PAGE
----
Artist Spotlight: Sabrina Shah

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Hello! It is our pleasure to have a chat about your work as an artist. First of all, what is your name, and how old are you? What are the primary mediums you work with?

My name is Sabrina Shah, and I am 34 years old. I am British and currently live in London. I primarily work with oil and acrylic paint, although I started using collage and experimenting with screen print/encaustic onto canvas.
C'mon its you, 2021, painting, courtesy of the artist

Tell us about your beginnings as an artist.

I think that in many ways, I am still discovering and realising what being an artist is about; every day I learn something new. I do know that I have always been trying to build my life around my practise. And I have always wondered why things are how they are from and early age, and that curiosity is still what drives my practise today.
Breaking Bread, 2021, painting, courtesy of the artist.

What about your creative process?

My process isn’t very predetermined; indeed it is one of the features of my creative process that I am able to move from place to place, taking my art with me and learning as I go. I currently work out of a studio in London; the studio has a nurturing vibe. I believe in finding an environment that doesn’t feel too forced, but also has some feelings of being at home, a studio can be a huge part of the creative process for me – being with others who don’t mind doing their creative thing day in and day out! The studio I currently work out of used to be an old homeless shelter. Sometimes places that have a history inspire me, as do unusual groupings of people. Creating is a need for me for sure, it’s also a want, a desire, a burn – but it’s also a challenge that throws light on other needs and thoughts.
Bucket list, 2021, painting, courtesy of the artist.

How would you define/describe yourself as an artist?

I don’t necessarily feel proud of work, but I do feel a sense of completeness when some of the work speaks a truthfulness that maybe I have been afraid to vocalise in any other ways. I am most proud when I have been able to cut time out of my schedule to paint – to paint constantly for two weeks at a time. That doesn’t always make me feel great, but I do feel like having time / allowing myself even more time is a key part of my goal searching. I like to think my work questions/looks at human behaviour in relation to resilience and determination, how people overcome the most surprising/unfortunate  events or a fear of social situations and judgement. I have been inspired in the past by the food cycle, religion, and the concepts of birth and resurrection.
Sugar High, mixed media, 2021. Courtesy of the artist.

What INSPIRES you (artists, movements, people, styles, etc.)?

I’m inspired by a dialogue around contemporary painting and its relationship to philosophy, as well as being inspired by characters that have a burning story to tell. In a way, I am addicted to surprising myself with myself through painting. Inspiration can come from a space, a place, but more than likely a person. A person saying / doing something that gives courage and enthusiasm. Someone that has overcome adversity and was not afraid to take risks.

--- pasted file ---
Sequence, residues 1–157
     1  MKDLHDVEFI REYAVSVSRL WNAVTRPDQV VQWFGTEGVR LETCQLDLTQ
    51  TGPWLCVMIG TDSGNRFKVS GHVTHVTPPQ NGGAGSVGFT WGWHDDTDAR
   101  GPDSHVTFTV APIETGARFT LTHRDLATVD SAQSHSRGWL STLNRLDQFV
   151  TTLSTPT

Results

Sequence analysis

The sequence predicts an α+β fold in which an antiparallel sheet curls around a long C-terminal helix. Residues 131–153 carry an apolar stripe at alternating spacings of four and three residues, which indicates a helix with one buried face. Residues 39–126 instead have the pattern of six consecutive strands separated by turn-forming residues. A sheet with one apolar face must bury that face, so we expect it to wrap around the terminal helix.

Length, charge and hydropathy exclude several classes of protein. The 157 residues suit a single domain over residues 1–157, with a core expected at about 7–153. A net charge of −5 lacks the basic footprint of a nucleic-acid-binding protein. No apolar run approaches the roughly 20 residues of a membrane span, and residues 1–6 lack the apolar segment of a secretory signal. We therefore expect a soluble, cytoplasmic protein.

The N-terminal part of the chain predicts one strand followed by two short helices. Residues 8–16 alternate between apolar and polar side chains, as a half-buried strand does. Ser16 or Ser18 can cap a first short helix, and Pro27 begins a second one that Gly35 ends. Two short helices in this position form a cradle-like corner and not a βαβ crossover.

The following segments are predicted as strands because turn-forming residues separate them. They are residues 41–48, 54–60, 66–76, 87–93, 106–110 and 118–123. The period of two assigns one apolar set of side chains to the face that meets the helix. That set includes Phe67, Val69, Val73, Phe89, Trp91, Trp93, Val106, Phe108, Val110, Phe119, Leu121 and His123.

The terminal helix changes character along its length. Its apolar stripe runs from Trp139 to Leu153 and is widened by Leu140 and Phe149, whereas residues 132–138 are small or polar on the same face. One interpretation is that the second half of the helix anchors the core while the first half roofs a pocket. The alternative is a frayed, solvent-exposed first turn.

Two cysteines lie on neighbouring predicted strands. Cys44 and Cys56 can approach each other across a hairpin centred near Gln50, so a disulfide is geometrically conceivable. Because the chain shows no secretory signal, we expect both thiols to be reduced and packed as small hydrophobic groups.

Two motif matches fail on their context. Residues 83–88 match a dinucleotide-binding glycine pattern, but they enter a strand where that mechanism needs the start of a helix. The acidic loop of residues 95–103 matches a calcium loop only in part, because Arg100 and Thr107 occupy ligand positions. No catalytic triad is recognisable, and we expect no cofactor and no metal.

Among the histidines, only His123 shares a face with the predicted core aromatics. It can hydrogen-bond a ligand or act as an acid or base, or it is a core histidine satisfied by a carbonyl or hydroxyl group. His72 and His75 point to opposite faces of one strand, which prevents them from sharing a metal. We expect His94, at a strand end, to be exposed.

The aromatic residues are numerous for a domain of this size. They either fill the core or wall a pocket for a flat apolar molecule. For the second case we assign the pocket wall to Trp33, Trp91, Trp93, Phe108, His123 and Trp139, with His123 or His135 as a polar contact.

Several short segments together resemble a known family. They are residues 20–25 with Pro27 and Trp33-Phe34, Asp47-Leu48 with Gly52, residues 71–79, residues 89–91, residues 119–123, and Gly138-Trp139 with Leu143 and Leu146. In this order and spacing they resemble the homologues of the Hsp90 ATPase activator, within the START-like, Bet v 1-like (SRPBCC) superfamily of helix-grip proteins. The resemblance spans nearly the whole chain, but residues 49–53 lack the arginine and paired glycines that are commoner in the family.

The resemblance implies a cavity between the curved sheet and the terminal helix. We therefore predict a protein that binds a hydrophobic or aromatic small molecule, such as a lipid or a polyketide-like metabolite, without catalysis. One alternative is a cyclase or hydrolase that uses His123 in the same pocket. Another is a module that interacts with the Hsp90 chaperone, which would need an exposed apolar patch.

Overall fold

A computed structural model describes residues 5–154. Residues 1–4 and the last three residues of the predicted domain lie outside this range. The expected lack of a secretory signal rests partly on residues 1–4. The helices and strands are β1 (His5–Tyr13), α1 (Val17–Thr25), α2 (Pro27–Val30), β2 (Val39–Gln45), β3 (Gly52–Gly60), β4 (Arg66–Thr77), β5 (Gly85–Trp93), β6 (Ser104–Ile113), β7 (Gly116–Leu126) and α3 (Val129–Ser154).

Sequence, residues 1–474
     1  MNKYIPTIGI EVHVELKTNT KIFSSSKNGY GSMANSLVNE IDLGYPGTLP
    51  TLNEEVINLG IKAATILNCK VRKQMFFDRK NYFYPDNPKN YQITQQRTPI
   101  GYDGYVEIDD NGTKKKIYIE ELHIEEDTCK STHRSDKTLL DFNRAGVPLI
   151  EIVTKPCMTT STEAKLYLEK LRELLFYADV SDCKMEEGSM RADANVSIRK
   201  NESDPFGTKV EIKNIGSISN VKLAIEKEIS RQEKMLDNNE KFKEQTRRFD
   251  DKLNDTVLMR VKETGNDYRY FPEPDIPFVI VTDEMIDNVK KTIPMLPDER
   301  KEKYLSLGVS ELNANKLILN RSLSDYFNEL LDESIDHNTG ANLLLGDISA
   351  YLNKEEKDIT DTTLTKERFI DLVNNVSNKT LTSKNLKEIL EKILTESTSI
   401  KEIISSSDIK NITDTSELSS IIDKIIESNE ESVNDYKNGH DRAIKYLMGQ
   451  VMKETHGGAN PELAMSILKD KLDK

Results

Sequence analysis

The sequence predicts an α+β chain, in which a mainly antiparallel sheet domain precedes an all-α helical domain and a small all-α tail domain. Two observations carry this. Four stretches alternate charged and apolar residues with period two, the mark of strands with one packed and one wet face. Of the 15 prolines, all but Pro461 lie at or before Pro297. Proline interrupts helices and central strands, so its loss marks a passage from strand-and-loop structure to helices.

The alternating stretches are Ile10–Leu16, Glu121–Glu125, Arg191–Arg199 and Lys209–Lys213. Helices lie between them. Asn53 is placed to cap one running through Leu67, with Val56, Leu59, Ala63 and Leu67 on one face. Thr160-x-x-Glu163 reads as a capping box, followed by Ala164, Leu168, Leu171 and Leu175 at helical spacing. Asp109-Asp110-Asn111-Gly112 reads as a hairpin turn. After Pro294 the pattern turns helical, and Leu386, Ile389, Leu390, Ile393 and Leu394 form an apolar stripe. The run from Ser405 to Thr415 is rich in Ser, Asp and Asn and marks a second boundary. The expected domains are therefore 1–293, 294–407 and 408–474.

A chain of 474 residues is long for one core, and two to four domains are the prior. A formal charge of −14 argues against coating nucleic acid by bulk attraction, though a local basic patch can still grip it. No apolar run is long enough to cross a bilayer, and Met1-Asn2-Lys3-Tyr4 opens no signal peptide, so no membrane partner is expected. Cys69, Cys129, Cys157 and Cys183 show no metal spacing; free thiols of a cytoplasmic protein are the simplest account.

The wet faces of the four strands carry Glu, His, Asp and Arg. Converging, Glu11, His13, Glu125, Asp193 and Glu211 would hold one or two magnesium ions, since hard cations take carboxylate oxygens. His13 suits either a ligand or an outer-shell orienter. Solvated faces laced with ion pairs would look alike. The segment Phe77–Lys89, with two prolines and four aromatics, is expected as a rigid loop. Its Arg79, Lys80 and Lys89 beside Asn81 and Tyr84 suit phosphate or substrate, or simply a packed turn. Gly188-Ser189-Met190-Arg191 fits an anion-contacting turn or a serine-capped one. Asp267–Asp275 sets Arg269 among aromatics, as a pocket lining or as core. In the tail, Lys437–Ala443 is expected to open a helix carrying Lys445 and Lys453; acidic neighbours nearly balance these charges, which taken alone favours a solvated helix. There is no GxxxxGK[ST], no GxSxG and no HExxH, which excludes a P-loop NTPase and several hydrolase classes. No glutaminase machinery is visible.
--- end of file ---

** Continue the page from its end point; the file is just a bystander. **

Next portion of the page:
Is there a story that you can share, a work you are proud of, an exhibition that received particularly good feedback? 

Sometimes I am proud of myself for making decisions and believing in it. This is hard for me. One of the most difficult decisions that I recently had to make was choosing to take some time out from the college where I had, until recently, been studying; this has come just before my degree show. This decision brought up all sorts of questions for me, and many conflicting answers due to the situation of the pandemic and leaving one’s peer group. The main thing for me is to trust myself and my decisions. Whether in a painting or in life, I am fairly reactive/ responsive. I am most proud of work that has a sense of conviction, despite the layers of history underneath. There is not always a right decision, but if you believe in it, then it can count for something.
Back Together Again, 2021, mixed media, courtesy of the artist.

How being in isolation -due to the pandemic - has affected you related to the art practice?

It affected my studies and therefore my studio space, but there has been a number of positive things, like finding new ways to connect and allowing my work to think and focus more on a kind of hope. It’s allowed for a fight or flight response in some ways, that can make for interesting work. During this time, I’ve realised even more so how important painting is to me.

Why should the audience/collectors be interested in your works? Is there a specific message you would like to spread? 

My work is something that I do in order to learn about myself and I hope to share that with others. I hope my work gives others a desire to play around with paint, to be vulnerable, or to do what they have to in order to discover more about themselves.  I have a passion to paint and create and to be immersed in a world that brings both internal and external factors together. I’d hope that anyone looking at my work could find questions just as much as they would find answers.
More or Less Chicken, painting, 2021, courtesy of the artist.

If it is not a secret… Do you have any current or future projects in mind?

I have a couple of projects coming up in St. John The Baptist church in Shepherd’s Bush. This idea developed from the need to do something interesting in a different place/ space that is not a gallery. I also intend furiously for the next six months and connect with other painters whose work I admire. That’s my plan!


Discover more works by Sabrina on Artsted!

Written by
Maryna Rybakova